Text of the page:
Marching Church is Elias Bender Rønnenfelt’s (of Iceage) other band. I say “other” band because in fact Marching Church as a project apparently that even pre-dates Iceage as far as making a racket somewhere. Lingering in the darkest recesses of Soundcloud – you can find plentiful evidence of singles, demos and even Iceage themselves covering early tracks by Marching Church (“White Sails” for a KEXP session). Admittedly though – I wasn’t aware of this until I started investigating Marching Church last month when exclusives were being handed out to some very credible blogs. The results range anywhere from deconstructed Kraut/ambient forays, jazz odysseys and spoken word-ish mood pieces with the nascent punk abandon that put Iceage with Elias to the fore of the new guard of noise/punk across the indie-sphere.
Elias of course describes his sound better than anyone should though as “eight songs of nocturnal longing, preposterous self-obsession and cockeyed etiquette” – so it’s not exactly ever going to be for the masses of pony-tailed bushy eye-browed Scandinavian tarts and faux-hipsters to digest. This is though a self-absorbed nihilistic slash at artistic expression and worthy of every fuck one could give about art coming out of Denmark though. With an open mind and a taste for the rotten pugilists of the Copenhagen art-punk scene you’ll dig it too. Just like Iceage though – there will be tons of people claiming to love it as well. We all know a few people like that – comes with living in a hip modern society.
The album’s opening couplet of “Living In Doubt” and “King Of Song” vaguely pick up where Iceage’s “Plowing the Fields Of Love” left us – dark de-constructed post modern punk that sounds drunken and violent, yet somehow charming and debonair. There is just something about this man’s voice that draws you in – like that friend you have that’s always hammered when you go out and saying awful perverted things to girls but you have him come along every time still. “King Of Song” surprisingly is the closest thing that resembles a tight pop song – albeit one that makes Lou Reed at the height of his snarly junkie phase sound like Roy Orbison – proclaiming himself “the king of song” while tales of audiences worshipping him as a golden god. Yup. Why not? I’d rather have this dude as the king of song than anyone else right now. Complete with children’s choir – the self-indulgence runs rampant through his veins.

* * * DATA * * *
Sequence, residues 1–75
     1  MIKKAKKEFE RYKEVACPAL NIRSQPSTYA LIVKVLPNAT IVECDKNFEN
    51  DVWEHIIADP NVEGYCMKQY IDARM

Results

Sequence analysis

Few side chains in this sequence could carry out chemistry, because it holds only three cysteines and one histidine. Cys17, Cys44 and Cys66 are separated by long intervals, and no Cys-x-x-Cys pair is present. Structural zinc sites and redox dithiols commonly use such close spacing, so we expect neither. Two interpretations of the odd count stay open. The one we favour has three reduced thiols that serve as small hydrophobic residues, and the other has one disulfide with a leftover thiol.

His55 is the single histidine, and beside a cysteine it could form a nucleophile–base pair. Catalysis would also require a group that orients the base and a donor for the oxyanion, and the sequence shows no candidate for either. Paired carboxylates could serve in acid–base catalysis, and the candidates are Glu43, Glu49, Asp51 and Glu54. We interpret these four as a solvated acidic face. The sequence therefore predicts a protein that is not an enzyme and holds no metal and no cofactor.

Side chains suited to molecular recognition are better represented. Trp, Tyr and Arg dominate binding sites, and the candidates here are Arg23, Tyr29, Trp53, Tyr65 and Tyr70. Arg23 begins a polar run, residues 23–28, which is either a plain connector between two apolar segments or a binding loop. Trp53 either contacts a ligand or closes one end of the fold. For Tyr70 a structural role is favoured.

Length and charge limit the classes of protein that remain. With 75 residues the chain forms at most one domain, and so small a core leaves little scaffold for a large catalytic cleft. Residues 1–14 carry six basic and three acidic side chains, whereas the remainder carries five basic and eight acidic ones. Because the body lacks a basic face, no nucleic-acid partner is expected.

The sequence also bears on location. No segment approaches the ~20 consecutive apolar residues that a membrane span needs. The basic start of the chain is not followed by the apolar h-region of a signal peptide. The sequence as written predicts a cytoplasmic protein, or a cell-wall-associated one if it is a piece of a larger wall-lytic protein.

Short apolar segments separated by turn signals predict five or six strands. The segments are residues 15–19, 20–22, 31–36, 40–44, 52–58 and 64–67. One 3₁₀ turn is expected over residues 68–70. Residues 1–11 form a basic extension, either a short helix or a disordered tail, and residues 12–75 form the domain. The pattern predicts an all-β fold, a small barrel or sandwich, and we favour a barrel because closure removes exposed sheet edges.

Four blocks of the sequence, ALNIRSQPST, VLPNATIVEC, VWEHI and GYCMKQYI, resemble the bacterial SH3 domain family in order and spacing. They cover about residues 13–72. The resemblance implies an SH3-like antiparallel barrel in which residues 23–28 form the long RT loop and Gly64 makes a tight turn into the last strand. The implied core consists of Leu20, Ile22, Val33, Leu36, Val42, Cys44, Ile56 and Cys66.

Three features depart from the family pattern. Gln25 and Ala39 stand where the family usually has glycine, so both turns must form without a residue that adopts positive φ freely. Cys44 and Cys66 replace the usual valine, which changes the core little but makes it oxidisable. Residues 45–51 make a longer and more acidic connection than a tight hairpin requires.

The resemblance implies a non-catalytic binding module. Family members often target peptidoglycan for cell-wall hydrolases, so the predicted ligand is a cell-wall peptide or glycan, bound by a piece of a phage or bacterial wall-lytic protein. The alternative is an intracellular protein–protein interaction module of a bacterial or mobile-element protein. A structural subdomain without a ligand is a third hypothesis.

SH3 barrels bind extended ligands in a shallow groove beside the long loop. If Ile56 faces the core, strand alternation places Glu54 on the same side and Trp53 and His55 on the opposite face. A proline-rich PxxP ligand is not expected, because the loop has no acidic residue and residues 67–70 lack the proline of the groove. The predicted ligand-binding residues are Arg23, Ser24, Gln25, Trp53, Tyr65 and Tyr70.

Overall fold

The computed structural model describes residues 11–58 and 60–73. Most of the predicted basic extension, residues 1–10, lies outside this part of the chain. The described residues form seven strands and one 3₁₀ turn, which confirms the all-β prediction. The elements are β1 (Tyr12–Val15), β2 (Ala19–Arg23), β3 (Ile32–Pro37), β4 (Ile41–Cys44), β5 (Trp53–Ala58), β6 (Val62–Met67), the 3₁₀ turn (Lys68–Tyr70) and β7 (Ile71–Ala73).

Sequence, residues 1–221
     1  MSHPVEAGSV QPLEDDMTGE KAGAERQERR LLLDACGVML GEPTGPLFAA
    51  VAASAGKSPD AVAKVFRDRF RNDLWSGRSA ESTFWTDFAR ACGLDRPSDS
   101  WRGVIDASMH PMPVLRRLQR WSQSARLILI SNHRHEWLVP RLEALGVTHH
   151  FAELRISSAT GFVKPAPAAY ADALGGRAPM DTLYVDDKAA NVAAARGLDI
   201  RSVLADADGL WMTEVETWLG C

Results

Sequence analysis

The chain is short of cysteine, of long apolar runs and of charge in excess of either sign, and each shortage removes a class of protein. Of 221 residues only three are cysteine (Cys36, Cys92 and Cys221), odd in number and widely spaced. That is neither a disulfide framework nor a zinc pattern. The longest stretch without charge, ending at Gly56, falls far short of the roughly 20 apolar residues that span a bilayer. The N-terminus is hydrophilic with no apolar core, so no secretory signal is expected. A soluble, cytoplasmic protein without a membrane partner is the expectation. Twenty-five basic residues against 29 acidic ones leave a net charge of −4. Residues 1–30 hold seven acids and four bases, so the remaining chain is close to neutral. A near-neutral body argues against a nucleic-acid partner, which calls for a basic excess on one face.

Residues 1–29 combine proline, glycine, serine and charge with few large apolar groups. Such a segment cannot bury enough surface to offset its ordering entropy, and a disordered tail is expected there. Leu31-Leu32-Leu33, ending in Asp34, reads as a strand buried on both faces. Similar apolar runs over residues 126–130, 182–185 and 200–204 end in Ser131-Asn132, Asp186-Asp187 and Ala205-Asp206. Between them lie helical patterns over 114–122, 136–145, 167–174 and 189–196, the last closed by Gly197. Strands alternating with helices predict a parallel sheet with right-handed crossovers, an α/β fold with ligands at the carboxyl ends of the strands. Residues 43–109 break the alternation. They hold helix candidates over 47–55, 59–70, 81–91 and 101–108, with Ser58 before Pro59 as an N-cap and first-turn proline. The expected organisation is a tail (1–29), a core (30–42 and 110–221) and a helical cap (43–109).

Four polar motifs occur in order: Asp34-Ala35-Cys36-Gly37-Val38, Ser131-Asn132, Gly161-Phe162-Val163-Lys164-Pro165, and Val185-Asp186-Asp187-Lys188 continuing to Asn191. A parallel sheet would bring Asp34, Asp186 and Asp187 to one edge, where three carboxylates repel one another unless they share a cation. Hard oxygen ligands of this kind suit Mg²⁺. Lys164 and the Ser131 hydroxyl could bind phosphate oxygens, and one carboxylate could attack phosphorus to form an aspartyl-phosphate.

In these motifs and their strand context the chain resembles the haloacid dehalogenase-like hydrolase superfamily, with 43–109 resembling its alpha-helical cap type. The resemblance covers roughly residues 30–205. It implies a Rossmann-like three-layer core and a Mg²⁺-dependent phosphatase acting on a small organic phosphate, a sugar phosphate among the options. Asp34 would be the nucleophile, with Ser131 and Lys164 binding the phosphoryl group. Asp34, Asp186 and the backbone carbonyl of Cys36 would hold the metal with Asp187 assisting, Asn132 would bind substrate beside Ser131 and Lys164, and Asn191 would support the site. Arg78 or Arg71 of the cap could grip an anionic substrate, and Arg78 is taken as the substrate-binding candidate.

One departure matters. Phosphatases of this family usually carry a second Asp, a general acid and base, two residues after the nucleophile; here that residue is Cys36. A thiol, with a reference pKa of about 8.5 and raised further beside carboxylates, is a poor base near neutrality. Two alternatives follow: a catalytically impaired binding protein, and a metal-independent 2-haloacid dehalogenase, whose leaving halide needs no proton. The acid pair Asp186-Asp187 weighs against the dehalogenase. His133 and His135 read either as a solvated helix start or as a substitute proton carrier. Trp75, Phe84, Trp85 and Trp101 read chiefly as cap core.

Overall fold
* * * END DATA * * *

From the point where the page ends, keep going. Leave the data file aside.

“Hungry for love” (the first song leaked from the album last month) is an irreverent clattering of hobo-jazz and opens with a monologue of Latin-esque poetry before our hero marches in of course proclaiming he is “Hungry For Love”. You can almost see Rønnenfelt’s rubbing his bare tummy in some lucky gal’s face – oiled and sweaty. This ain’t no Springsteen ballad. “Your Father’s Eyes” is an elegiac tone poem that further exploits Elias’ sobbing poet image – a trashy mix of Velvet Underground drones and the open hearted ruminations of Modern Lover’s “I’m Straight”. It doesn’t get more proto-punk than that kids.
The second half of the record begins with “calling out a name” (sounding like Iceage on opium and stuck in treacle) and the minimalist/jazz of “Every Child (portrait of Wellman Braud)” an interesting tribute to the famed creole man and Duke Ellington’s contra-bass player – eschewing the art jazz for a programmatic almost Steve Reich approach to off-kilter rhythms to pay tribute to an early jazz master. Not exactly the soft American songbook track that a crooner normally pitches – but instead an evil drugged up European nightmare.
The album’s high point for me comes near it’s close with “Up A Hill”. Positively a horror show in the shape of a song. It returns to Marching Church’s earlier more ambient expressions – sounding like Birthday Party era Nick Cave, complete with unconscious children in fireman’s arms. It’s over 9 minute journey takes you to the heart of Elias’ darkness – and features clanging and scraping metal and a nautical vibe being brought in by a distant mandolin being fiddled with while the ship goes down. Surprisingly the album closes with a cover of James Carr’s 1967 soul standard; “The Dark End Of The Street” – albeit rendered barely recognizable by slowing it down to roughly the pulse of a blue whale’s. That’s as close as we get to our solo crooner tackling the American songbook.
Even though each song has it’s individual mood and objective – this is an album that needs to be digested in one fell swoop. You need to invest 50 minutes and sit down with your 3rd bottle of wine and your shirt un-buttoned to really grasp what’s going on here. It’s night music – maybe early morning and ‘still out but not sober’ music. I must say – spring is here and the birds are-a-chirpin’ outside here in Denmark, but this album will bring you straight back to our destitute and miserable winters in no time. This is the “feel bad” album album of the year thus far. Fact.
“This World Is Not Enough” is out now. You can catch them play live here in Aarhus for this years Pop-Revo festival in May. I can’t wait to see how this is gonna go down.
This is the “feel bad” album of the year thus far. Fact. (4/6)